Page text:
Monday, April 30, 2018

Book-A-Day 2018 #120: The Abominable Mr. Seabrook by Joe Ollmann

We can't choose our obsessions. (What would the world be like, if we could?)

Joe Ollmann couldn't -- that's why he's been collecting, reading, and thinking about minor interwar travel writer William Buehler Seabrook for the past decade. And Seabrook couldn't: Ollmann's retelling of his life shows clearly how he was engulfed by his alcoholism and sexual kinks, in an era where he couldn't be helped definitively for the one and couldn't openly enjoy the latter.

Their obsessions came together in Ollmann's 2017 book The Abominable Mr. Seabrook, an exhaustive, obsessively-researched portrait of a deeply obsessive man. It's three hundred pages of dense nine-panel grid comics, crammed full of words and Ollmann's very human (and very lumpy) people, all washed in blue tone.

Ollmann points out early that the historical verdict on Seabrook comes down to four words -- cannibal, sadist, alcoholic, suicide -- and his book explains the stories behind those words but admits they are what defines Seabrook. Sure, he was only a cannibal once, but it was in pursuit of verisimilitude for his third book Jungle Ways, where he was trying to follow the pattern of his first two books and really get into the society he was investigating. And, obviously, suicide only happens once.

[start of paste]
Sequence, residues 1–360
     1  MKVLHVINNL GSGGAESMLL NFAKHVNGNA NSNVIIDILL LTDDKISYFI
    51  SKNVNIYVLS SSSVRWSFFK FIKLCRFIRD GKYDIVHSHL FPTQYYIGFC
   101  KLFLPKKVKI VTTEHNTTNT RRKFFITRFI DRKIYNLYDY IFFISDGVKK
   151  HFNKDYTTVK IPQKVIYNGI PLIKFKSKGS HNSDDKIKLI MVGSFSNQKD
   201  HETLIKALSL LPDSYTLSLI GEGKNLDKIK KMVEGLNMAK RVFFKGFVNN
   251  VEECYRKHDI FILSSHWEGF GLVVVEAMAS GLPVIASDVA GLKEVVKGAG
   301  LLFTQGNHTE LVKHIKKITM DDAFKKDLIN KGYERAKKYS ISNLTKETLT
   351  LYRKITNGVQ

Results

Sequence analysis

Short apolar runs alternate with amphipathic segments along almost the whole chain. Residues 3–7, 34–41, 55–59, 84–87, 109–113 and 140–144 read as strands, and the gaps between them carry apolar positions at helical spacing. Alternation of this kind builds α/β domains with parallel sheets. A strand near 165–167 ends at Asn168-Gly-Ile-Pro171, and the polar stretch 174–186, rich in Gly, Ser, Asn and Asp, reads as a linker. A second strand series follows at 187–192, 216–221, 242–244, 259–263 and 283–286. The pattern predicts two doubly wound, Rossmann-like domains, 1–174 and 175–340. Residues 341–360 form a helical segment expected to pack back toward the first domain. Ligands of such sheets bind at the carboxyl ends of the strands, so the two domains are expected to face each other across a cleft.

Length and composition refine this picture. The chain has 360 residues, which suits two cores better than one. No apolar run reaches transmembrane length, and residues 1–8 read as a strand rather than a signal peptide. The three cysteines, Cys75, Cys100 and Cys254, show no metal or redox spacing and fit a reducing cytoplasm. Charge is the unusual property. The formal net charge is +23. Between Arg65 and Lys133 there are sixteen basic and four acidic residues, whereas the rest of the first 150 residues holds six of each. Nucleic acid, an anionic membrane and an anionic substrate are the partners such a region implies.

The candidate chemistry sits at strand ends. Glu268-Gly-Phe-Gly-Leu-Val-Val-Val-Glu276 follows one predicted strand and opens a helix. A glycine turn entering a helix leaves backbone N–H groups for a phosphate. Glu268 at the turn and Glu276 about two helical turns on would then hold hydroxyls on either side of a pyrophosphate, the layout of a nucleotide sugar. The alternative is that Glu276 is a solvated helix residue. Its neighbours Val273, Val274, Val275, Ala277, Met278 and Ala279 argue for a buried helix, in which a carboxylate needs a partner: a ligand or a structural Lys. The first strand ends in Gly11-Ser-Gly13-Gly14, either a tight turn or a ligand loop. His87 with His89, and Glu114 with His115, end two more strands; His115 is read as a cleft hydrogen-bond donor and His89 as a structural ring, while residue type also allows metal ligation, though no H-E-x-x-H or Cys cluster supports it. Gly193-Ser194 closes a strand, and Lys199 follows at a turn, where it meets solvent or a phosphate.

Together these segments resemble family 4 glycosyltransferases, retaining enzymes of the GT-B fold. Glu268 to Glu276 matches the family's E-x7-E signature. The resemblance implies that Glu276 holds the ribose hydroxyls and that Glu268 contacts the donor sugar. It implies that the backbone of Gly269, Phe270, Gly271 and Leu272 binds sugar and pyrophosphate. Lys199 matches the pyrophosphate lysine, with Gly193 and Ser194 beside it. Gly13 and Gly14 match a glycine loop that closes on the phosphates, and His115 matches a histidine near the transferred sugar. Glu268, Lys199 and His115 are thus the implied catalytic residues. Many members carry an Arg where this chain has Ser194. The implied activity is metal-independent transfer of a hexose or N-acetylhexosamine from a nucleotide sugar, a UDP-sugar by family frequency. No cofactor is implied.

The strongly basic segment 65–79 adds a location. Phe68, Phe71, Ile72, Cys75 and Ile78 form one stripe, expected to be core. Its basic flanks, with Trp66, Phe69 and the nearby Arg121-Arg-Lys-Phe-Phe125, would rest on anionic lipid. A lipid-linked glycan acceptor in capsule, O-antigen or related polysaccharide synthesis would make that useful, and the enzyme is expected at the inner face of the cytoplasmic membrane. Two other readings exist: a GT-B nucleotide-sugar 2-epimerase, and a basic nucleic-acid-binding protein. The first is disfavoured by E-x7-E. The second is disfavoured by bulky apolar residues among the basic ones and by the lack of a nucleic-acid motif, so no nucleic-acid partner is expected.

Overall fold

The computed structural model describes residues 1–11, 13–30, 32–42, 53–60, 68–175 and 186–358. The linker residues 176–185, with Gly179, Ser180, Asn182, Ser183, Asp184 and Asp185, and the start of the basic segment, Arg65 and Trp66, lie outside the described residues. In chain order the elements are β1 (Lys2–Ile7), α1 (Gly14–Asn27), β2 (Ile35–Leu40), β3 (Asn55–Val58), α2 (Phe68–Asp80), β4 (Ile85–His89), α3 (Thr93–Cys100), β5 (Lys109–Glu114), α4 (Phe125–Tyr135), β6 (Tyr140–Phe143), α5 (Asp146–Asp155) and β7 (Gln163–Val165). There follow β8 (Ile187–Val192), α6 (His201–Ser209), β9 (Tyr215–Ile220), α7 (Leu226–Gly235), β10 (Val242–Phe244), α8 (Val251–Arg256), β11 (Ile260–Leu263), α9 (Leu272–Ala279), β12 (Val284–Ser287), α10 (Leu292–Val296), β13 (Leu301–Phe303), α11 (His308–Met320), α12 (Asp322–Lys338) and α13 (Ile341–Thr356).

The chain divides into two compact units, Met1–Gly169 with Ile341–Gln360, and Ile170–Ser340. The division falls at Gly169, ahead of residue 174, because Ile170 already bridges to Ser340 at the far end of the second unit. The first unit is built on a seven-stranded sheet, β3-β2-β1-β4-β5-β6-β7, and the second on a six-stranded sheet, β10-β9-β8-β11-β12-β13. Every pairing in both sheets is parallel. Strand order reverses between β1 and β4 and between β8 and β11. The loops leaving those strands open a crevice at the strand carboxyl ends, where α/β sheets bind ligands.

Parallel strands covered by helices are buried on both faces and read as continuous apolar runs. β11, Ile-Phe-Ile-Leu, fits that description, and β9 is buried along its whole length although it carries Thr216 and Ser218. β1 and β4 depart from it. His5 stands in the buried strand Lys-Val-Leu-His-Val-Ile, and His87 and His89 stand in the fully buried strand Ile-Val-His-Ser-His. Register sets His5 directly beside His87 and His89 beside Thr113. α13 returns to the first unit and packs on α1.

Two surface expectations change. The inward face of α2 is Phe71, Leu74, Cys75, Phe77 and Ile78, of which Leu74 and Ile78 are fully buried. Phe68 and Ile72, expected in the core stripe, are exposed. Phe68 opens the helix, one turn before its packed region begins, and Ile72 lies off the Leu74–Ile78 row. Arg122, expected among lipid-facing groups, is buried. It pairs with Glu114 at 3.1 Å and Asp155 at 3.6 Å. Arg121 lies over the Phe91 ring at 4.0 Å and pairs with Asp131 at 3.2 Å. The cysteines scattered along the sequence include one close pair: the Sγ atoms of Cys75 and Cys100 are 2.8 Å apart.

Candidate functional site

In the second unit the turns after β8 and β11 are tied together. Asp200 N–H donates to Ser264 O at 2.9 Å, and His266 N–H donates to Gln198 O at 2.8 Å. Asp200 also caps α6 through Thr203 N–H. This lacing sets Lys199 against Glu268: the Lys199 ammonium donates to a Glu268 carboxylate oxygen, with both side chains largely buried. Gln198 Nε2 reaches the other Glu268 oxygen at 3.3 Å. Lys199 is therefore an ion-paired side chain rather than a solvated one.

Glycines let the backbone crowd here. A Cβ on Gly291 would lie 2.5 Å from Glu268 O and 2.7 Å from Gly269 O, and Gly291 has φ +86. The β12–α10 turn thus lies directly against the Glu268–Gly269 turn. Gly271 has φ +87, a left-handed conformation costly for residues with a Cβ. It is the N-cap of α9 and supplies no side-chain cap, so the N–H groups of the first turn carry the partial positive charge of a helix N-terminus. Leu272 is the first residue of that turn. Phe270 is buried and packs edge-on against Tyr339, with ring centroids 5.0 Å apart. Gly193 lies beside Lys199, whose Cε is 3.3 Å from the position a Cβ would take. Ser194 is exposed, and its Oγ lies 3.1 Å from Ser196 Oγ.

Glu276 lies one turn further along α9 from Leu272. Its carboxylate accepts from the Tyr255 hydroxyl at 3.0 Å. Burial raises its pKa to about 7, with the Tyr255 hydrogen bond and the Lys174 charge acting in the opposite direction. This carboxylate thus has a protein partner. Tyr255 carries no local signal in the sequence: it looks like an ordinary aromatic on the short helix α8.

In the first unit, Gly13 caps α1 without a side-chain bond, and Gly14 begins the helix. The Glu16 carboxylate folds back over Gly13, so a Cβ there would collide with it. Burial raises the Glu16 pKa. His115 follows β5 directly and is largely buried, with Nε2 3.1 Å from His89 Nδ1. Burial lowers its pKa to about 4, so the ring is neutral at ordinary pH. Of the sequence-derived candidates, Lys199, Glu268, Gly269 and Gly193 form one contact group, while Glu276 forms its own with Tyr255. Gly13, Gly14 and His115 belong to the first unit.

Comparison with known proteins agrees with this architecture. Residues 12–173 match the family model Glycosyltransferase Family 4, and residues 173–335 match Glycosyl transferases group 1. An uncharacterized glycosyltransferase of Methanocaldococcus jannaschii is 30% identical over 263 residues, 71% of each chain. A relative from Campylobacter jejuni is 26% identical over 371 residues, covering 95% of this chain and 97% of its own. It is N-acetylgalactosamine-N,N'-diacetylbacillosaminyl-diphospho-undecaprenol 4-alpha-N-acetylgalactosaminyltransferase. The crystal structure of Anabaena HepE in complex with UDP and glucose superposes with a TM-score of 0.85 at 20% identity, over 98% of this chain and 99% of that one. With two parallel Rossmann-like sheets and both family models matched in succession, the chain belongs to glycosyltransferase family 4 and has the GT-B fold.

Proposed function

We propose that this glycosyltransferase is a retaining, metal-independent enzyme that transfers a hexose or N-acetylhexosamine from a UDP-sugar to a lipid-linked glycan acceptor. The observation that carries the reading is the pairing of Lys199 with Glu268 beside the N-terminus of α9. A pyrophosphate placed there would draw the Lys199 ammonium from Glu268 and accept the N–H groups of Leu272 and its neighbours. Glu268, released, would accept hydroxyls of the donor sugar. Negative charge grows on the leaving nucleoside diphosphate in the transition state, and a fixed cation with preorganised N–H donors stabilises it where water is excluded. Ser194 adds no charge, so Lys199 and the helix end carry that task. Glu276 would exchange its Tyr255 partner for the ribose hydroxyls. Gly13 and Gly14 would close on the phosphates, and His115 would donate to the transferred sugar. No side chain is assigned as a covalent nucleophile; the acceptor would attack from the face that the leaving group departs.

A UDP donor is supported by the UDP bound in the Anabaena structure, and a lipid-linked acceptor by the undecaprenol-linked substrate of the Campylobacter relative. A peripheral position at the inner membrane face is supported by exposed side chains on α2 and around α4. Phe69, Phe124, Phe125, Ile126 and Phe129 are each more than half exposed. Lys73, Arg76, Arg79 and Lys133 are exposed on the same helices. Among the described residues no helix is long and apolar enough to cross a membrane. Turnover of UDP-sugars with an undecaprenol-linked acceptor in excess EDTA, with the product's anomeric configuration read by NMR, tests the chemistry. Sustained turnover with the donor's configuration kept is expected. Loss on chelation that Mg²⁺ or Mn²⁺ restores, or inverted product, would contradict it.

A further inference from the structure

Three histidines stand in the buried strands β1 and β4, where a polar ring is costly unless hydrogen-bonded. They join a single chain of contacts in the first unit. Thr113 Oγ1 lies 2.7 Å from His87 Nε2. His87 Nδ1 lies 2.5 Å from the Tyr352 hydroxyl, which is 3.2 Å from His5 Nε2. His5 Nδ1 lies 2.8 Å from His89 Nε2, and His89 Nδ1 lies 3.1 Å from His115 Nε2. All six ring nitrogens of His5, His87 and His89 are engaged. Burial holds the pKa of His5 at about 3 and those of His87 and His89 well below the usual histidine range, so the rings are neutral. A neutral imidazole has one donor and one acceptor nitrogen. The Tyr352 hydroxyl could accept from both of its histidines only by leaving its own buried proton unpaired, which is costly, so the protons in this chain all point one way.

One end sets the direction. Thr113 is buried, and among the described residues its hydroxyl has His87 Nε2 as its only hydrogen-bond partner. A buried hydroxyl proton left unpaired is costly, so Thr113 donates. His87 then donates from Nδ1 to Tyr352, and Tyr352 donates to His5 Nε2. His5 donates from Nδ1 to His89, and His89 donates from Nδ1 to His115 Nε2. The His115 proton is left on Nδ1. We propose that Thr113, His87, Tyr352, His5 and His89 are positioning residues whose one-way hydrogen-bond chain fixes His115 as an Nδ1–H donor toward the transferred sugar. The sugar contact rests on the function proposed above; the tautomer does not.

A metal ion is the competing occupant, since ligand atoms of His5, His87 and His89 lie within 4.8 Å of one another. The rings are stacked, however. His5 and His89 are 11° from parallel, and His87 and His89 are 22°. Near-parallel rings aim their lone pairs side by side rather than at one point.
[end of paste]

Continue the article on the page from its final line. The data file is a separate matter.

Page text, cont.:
But the other two words defined him for his entire adult life. He was an alcoholic, even after a "cure" that left him thinking (as so many do) that he could go back to drinking in moderation. And his particular kink, around women in chains, would have been vastly more manageable and reasonable two generations later. As it was, drinking was something men did, and he couldn't stop. His sexual desires were "perverted" and finding women who actually shared them -- as opposed to the succession of "research assistants" of his later years, who were willing to go along, for a little while, for pay -- was almost impossible. (There is one woman Seabrook met early on who Ollmann shows as being a good match for him sexually -- but her real name isn't known to posterity and she seems to have disappeared from his life entirely after not too long.)

Seabrook was also tormented as a writer: he was the kind who at first wrote fairly easily, and then found it got harder and harder to write prose at the level he wanted -- particularly as he drank more and more. And so the work is worse from the drinking, which leads to more drinking, which leads to slower and worse work, and so on.

Seabrook managed to produce nearly a dozen books from 1927 through 1944, the years Ollmann most focuses on. (Seabrook was born in 1884 and died by an overdose in 1944.) It sounds like even the best of them are minor, but all readers have huge enthusiasms for "minor" writers. I'm glad Ollmann's huge enthusiasm got him a major book out of it himself.

Ollmann's Seabrook is a sweaty, jowly, blubbery mess of a man, lurching through his own life uncontrolled, with momentary highs and years-long lows. He's a cautionary tale, a "but for the grace of God" figure, a bad example, an icon of despair -- but never a joke. He lived his own life, pretty badly as it turned out, but he did what he could where he was, given all he'd been saddled with, and got ten books, three wives, a decent living for a long time, and occasional happiness out of it. Ollmann shows us that's not all that bad, even for a cannibal sadist alcoholic suicide.

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